If ever a halo surrounded a saint, it If encompassed Chalmers, a unique personality of prodigious powers all devoted to the sole purpose of service to God." LORD ROSEBERY, Miscellanies, Literary and Historical, Vol. I., p. 238.

"Dear old Chalmers," Norman Macleod calls him, "whose noble character, lofty enthusiasm and patriotic views will rear themselves before the eyes of a posterity like Alpine peaks, long after the narrow valleys which have for a brief period divided us are lost in the far distance of past history." - Life of Norman Macleod, I., 263.

"The greatest moral force of his age, simple, massive, and grand as some structure of the early world." DR. WALTER C. SMITH.
"Truly I consider him as raised up by God for a great and peculiar work. His depth of thought, originality in illustrating and strength in stating are unrivalled in the present day. "In another respect he is too sanguine. He does not sufficiently see that a Chalmers is necessary to carry into effect the plans of Chalmers." CHARLES SIMEON,

"His one, his great forte, as the leader of ingenuous youth, was his enthusiasm. He was the man of all others to kindle the torch. "It was his contagious enthusiasm for humanity that invested him in the eyes of students, as well as congregations, broad Scotland over, classes and masses alike, with an admiring reverence assigned to one of the old Prophets of Israel." J. R. MACDUFF.

"He was the pride both of the Church and the country, the greatest religious orator of the day, bringing, as Scotland loves, his fame to swell the national glory. Government and people alike recognised his moral predominance. Notwithstanding the Presbyterian parity, which is the rule of his Church, no Archbishop was ever more truly the Primate of the great province which he swayed." Mrs. OLIPHANT'S Thomas Chalmers, p. 225.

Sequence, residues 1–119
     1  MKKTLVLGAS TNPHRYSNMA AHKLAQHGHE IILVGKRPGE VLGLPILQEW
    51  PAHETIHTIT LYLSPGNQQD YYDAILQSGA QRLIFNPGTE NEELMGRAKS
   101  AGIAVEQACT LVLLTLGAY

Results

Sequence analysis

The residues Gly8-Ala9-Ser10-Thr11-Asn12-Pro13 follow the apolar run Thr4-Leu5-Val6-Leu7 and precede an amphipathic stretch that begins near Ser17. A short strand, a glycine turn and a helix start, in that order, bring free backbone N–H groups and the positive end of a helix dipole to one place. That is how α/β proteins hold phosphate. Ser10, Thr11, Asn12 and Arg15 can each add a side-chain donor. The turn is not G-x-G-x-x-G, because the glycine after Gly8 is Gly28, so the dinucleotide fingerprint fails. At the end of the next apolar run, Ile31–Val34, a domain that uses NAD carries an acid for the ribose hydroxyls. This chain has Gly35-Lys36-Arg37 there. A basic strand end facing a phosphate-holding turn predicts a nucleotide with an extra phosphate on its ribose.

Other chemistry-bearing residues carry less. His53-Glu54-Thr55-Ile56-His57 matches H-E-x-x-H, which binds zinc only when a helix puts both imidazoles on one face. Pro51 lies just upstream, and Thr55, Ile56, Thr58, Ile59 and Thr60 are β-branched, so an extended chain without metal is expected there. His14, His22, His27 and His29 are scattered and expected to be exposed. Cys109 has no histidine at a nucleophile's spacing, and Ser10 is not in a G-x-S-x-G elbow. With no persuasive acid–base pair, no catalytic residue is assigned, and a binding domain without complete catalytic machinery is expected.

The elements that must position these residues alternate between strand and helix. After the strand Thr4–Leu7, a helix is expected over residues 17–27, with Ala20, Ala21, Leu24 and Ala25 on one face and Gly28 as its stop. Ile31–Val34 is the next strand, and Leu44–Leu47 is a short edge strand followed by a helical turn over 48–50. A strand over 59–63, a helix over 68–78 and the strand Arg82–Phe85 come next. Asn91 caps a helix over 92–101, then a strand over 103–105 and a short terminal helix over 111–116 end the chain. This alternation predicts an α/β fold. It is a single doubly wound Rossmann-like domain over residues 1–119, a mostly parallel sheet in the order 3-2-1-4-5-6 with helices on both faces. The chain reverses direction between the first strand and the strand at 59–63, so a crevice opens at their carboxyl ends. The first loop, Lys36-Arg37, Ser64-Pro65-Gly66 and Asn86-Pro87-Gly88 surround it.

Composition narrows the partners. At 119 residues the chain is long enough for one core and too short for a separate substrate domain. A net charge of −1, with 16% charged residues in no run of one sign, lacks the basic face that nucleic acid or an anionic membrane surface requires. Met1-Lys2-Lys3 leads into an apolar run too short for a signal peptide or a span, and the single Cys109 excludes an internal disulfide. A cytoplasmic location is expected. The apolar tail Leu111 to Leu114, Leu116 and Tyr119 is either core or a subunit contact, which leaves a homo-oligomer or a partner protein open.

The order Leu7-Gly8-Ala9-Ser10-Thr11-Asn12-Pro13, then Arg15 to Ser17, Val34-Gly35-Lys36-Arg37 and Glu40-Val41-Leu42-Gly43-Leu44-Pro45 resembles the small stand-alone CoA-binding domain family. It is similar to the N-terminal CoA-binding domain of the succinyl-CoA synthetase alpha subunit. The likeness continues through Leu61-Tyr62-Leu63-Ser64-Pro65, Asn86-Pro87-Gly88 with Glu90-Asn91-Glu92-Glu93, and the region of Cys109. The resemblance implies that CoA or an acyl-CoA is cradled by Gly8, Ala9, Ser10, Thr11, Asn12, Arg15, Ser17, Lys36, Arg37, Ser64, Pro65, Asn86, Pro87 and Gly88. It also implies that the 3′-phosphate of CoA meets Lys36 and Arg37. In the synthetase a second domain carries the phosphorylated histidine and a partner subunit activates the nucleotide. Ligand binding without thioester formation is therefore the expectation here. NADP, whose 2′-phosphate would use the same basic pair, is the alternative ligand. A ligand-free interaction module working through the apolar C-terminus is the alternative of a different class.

"Wherever Thomas Chalmers is, there is the Church of Scotland." J. DODDS, 266.

"It must do good to the world to revere such a character." W. ARNOT, Life, p. 222.
"Scotland never had a better patriot Churchman. . . . . Within the first quarter of the century arose two ministers of surpassing power (Dr. Andrew Thomson and
Chalmers) whose gifts and work made a glory to their generation . . RANKIN.

"His great name has been throughout both Scotland and England, as upon the Continent, the apology of the Free Church. Many were unable to study the whole details of the question; but Chalmers, one of the most philosophical minds, and one of the most Christian souls of our age, was upon that side; this was sufficient to make them say, - there lies the truth. " D AUBIGNE, p. 179.

"I am reading, I suppose for the dozenth time, Hanna's Chalmers. He was the first Principal of the New College. Oh! what a falling off is here! Be sure you read Chalmers carefully." DR. WHYTE to his son.

"Far and away the greatest man in the Scotland of that day." DR. WHYTE.

"And on the whole," Writes Mr. W. Law Mathieson, "whilst rendering homage to a personality so great and so varied in its manifestation as that of Chalmers, one cannot but concur in the judgment of Carlyle: - He was a man essentially of little culture, of narrow sphere, all his life," though we may justly allow for exaggeration in what follows: - Such an intellect professing to be educated, and yet so ill read, so ignorant in all that lay beyond the horizon in place or in time, I have almost nowhere met with." (W. L. MATHIESON, p. 303, Church Reform, 1797-1818.)
One is tempted to ask: Who is Mr. W. Law Mathieson that he should belittle the culture or the sphere in which this princely man moved? As for ourselves, we abide by the judgment of history which has put Chalmers in the front rank of Scots, and we appeal from Carlyle dyspeptic to Carlyle sound and true. "It is not often," Carlyle wrote to Dr. Hanna,the biographer of Chalmers, "that the world has seen men like Thomas Chalmers, nor can the world afford to forget them; or in its most careless mood be willing to do it. Probably the time is coming when it will be more apparent than it is now to every one that here intrinsically, was the chief Scottish man of his time - a man possessed of such a massive geniality of intellect and temper as belonged to no other man. What a grand simplicity, broad humour, blent so kindly with enthusiastic ardour and blazing thought - a man of such mild, noble valour, strength and piety - above all things, of such perfect veracity, I have not met with in these times. Honour to him. Honour belongs to him and to the essential work he did - an everlasting continuance among the possessions of this world."